A Few Guidelines For Appearance Policies
For good business reasons, many professional employers adopt policies regulating dress and appearance in their workplaces.
These policies can help enhance an office’s public image, promote a productive work environment, comply with health and safety standards, and even prevent claims of unlawful harassment and discrimination. While no law requires an employer to maintain a dress/appearance policy, some laws are relevant to such policies.
Draft A Dress Code That Conveys Your Expectations
A dress code or appearance policy should be drafted with several goals in mind. It should clearly state the employer’s expectations, based on its own view of professionalism in the local community. It should preserve the employer’s flexibility to make decisions and its authority to interpret ambiguities. It should also inform employees that it will be applied consistently and without regard to any protected categories.It should state that if employees violate it, then they will be sent home to change, without pay, and that repeated violations may result in termination of their employment. If these elements are present, the dress code or policy should help the employer avoid or at least minimize problems in the workplace and liability for legal claims.
A policy should address all aspects of employee dress and appearance and explain that the office’s professional atmosphere is maintained, in part, by the image it presents to its patients, visitors, and vendors. The policy should require that all employees present a professional, neat, and well-groomed appearance. Good hygiene should also be mentioned in the policy.
The policy should define “professional,” “neat,” and “well-groomed” with operational definitions or specific examples. It should define what is expected in terms of clothing, shoes, uniforms, jewelry, and perfumes, as well as the placement, number, and content of tattoos and other body art. It should prohibit extremes in dress, clothing that is dirty, too baggy or tight, or too revealing. Messaging that is offensive or hostile with respect to any protected category (such as sex, race or national origin), or provocative or illegal should also be prohibited.
Tattoos, Piercings And Gauges
Tattoos, body piercings, gauges and other forms of self-expression have become commonplace and society seems to have become more accepting of individuals' choices for self-expression. However, some of these forms of self-expression may not be appropriate for a professional services office.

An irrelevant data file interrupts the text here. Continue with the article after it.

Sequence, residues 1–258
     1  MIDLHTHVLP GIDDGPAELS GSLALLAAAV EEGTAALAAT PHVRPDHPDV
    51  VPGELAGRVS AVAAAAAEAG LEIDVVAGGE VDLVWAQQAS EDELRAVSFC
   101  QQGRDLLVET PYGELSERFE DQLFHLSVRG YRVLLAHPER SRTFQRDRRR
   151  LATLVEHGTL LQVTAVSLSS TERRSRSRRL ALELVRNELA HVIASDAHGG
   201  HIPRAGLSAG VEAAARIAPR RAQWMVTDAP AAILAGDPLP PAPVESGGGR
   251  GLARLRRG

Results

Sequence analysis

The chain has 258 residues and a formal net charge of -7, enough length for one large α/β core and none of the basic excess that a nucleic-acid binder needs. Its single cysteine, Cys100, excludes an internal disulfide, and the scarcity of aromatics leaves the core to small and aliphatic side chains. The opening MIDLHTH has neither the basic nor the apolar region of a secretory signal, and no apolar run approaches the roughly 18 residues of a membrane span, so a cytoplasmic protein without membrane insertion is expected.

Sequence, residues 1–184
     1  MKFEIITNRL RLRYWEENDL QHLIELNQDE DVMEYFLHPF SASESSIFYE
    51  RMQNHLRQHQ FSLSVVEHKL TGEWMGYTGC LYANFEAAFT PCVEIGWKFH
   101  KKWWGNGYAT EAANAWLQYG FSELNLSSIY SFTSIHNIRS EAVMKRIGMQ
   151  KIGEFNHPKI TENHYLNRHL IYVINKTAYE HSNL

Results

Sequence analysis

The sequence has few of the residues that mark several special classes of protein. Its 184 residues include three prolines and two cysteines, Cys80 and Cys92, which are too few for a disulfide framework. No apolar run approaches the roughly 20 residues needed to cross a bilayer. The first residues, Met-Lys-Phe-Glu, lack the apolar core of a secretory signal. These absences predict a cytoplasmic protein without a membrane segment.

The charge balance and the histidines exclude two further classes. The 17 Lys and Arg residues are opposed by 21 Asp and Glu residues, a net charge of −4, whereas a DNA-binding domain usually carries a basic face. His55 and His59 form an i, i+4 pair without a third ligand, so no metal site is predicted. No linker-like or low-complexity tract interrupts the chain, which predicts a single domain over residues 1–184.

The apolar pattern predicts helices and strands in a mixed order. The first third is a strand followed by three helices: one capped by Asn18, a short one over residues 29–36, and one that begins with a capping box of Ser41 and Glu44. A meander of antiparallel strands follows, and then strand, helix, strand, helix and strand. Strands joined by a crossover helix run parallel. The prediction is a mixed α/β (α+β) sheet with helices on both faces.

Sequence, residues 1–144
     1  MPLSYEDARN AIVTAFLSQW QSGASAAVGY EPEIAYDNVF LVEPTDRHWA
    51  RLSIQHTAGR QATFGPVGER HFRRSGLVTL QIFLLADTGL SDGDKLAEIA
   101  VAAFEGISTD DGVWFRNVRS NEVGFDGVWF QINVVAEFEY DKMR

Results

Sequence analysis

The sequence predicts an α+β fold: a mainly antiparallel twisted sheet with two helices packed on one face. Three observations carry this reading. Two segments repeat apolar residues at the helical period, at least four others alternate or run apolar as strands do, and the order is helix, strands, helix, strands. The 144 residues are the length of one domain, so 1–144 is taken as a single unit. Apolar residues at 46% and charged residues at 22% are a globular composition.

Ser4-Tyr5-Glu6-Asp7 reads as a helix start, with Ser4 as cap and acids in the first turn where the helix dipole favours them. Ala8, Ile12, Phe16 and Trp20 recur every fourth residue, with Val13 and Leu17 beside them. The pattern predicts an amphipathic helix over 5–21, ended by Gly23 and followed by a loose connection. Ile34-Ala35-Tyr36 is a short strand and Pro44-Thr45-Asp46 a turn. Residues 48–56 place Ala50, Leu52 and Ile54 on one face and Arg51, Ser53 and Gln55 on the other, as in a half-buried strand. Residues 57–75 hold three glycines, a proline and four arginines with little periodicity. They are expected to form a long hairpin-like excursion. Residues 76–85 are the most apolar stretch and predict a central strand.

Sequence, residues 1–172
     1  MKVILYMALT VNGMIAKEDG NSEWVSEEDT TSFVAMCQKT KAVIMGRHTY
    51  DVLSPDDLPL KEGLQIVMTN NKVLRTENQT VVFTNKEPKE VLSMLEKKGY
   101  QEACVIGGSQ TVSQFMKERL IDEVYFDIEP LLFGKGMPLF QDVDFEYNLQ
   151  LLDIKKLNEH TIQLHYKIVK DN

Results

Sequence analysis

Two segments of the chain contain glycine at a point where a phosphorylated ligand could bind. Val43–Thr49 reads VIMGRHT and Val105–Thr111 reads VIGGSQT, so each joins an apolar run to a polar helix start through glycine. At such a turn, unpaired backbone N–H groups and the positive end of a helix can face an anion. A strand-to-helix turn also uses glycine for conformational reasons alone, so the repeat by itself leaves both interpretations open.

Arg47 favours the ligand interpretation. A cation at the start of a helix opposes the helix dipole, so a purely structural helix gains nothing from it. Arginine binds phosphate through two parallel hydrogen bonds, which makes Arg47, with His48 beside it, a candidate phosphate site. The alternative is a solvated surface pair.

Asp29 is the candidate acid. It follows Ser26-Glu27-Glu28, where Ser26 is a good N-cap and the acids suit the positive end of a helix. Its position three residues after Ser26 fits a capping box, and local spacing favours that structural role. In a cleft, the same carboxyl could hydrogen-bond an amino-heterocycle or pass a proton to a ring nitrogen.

Although some are hesitant to do so, employers can legally set limits on self-expression in the form of tattoos, piercings, and extremes in dress, jewelry, and hairstyles. Some employers have found a zero-tolerance policy too strict and have adopted less stringent policies.
Most employers now permit body piercings or tattoos within certain limits, such as limits on the number, size, placement or visibility of the tattoos or limits that prohibit the display of any racially offensive, sexually explicit, violent, or otherwise offensive tattoos. In the final analysis, your policy should clearly articulate what is permitted and what is prohibited in your workplace. Once you have articulated your policy, it should be enforced consistently.
The legal limits
In recent high profile cases, companies have faced expensive lawsuits claiming that employers discriminated against employees based on their religious beliefs when they prohibited the wearing of certain religious items such as hajibs or tattoos or when they failed to reasonably accommodate the employees’ beliefs.
These cases turn on many factors, such as the number of employees working for the employer, its location or jurisdiction and the actual activity of the employee that was claimed to be “protected.”
To be covered by anti-discrimination laws, an employer typically has to have a certain number of employees. The number of employees necessary for coverage under a particular federal, state or local law may be different. For example, Title VII requires that an employer must have 15 or more employees to be covered.
Some states cover employers with fewer than 15 employees. The federal Age Discrimination in Employment Act requires that an employer must have 20 or more employees to be covered. Additionally, some states prohibit employers from taking adverse employment action against employees for engaging in off-the-clock activities that are otherwise lawful. Other statutory or common law claims may also come into play, depending on the circumstances.
All employers must consider establishing processes for challenging the interpretation of a particular policy and for responding if an employee asserts a right to a particular tattoo, jewelry, or hairstyle on religious or other protected grounds. Regardless of which laws actually apply to an employer, employers should take seriously any employee complaints. If, after receiving a complaint from an employee, you are unsure whether you are covered by any applicable laws, seek the advice of an employment lawyer before making a final decision that may adversely affect an applicant or employee. This consultation in a timely manner may help you to avoid protracted litigation, unwanted publicity, interference with your work and monetary damages.
Although there may be some legal limits to the enforcement of dress codes or appearance policies, the practical and legal advantages of having such polices far outweigh the disadvantages.
Bert Brannen can be reached at firstname.lastname@example.org or 404-240-4235.
This article was also featured on MultiBriefs.